A weekly round-up of relevant IEP data providing insight into the world around us.
Friday, 1 November 2019: This week the United Kingdom (UK) propelled itself into the next chapter of one of its most extraordinary political periods. The British parliament has voted in overwhelming favour of a general election on 12 December, the third general election since 2015, and another attempt from all political players to gain enough power to push along plans for Brexit, and the country. A five week-week campaign will ensue up until election day, but initial public polling suggests that many doubt an election will lead to a resolution on Brexit. Earlier, the European Union granted the UK another Brexit extension until 31 January, 2020.
The latest Positive Peace Report shows the UK had one of the poorest performances of any European nation in the last decade, deteriorating by 3.4 per cent in its Positive Peace score.
Despite the announcement of the general election, there has long been little consensus in Parliament about how to approach negotiations with European authorities on Brexit. It is still unclear whether there will be a negotiated separation from the European Union (EU), or if the country will leave without an agreement. Some are rallying for another Brexit referendum.
In the wider public, the antagonism has intensified between those who want to leave and those who want to stay in the EU. Businesses have delayed investment decisions because of the uncertainty, which has affected economic growth.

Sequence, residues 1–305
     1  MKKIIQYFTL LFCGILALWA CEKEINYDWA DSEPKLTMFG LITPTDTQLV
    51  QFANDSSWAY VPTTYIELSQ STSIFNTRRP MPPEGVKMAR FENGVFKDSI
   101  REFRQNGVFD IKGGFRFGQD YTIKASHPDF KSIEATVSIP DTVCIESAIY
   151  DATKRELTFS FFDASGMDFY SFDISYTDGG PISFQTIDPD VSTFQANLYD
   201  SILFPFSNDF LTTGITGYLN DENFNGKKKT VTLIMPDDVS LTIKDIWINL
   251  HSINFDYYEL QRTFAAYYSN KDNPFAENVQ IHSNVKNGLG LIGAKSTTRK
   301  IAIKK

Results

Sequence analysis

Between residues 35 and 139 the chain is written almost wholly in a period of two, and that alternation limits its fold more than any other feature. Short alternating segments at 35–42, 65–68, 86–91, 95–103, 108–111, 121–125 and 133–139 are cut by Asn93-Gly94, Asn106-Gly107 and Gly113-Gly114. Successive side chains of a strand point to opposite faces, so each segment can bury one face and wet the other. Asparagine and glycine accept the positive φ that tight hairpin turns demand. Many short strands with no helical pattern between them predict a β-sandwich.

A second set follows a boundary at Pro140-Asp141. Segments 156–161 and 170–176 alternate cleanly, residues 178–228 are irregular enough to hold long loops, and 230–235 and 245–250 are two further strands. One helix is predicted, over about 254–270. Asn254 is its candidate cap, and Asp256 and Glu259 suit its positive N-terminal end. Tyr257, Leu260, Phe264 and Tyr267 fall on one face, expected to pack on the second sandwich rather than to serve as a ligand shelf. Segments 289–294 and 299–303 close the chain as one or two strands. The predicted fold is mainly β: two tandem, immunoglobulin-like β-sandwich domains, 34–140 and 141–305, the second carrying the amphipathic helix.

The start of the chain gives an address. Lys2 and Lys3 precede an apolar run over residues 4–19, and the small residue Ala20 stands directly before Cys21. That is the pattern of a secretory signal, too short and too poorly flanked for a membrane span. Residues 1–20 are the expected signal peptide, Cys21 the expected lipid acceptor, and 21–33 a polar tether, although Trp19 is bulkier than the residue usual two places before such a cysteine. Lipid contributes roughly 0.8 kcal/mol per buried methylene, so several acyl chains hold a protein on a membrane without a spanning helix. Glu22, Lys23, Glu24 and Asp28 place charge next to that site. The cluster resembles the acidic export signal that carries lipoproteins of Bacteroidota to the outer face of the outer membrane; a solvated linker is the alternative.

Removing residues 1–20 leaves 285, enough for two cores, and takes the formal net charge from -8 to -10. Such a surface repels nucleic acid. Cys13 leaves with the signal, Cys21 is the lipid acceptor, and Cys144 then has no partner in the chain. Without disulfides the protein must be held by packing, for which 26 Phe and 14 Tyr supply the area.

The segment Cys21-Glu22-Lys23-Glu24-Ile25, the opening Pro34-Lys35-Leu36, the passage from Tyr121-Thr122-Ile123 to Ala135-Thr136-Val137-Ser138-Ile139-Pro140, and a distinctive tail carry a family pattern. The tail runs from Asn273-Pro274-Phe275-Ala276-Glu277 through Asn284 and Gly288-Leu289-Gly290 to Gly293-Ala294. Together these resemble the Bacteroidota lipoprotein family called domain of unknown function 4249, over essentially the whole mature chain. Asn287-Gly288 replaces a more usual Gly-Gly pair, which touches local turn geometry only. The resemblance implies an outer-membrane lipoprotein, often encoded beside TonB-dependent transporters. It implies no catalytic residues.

This tension has manifested as a deterioration in the UK Positive Peace Index score from 2016 onwards, reversing the trend improvement of the previous five years. Both the Attitudes and Institutions domains deteriorated in the past few years, more than offsetting gains in Structure indicators.
British Attitudes deteriorated sharply in 2011. Interestingly this corresponded with the rise of Islamic State of Iraq and the Levant. Another sharp deterioration took place from 2016 corresponding with the Brexit debate.
Over the past decade, three indicators deteriorated markedly: factionalised elites, hostility to foreigners and group grievance. These underline tensions between Brexiteers and remainers as well as a more adverse view on immigration.
It is possible for the UK to reverse these trends in the years ahead, but it will require clarity and resolution from authorities, as well as policies that promote the inclusion of different societal views.
Positive Peace, according to the Institute for Economics and Peace, can be described as the attitudes, institutions and structures that create and sustain peaceful societies. Different to negative peace, or the absence of violence, Positive Peace creates resilient and adaptive societies that pre-empt conflict and help societies channel disagreements productively.
The Positive Peace Index measures the level of Positive Peace in 163 countries and is composed of 24 indicators that capture the eight Pillars of Positive Peace.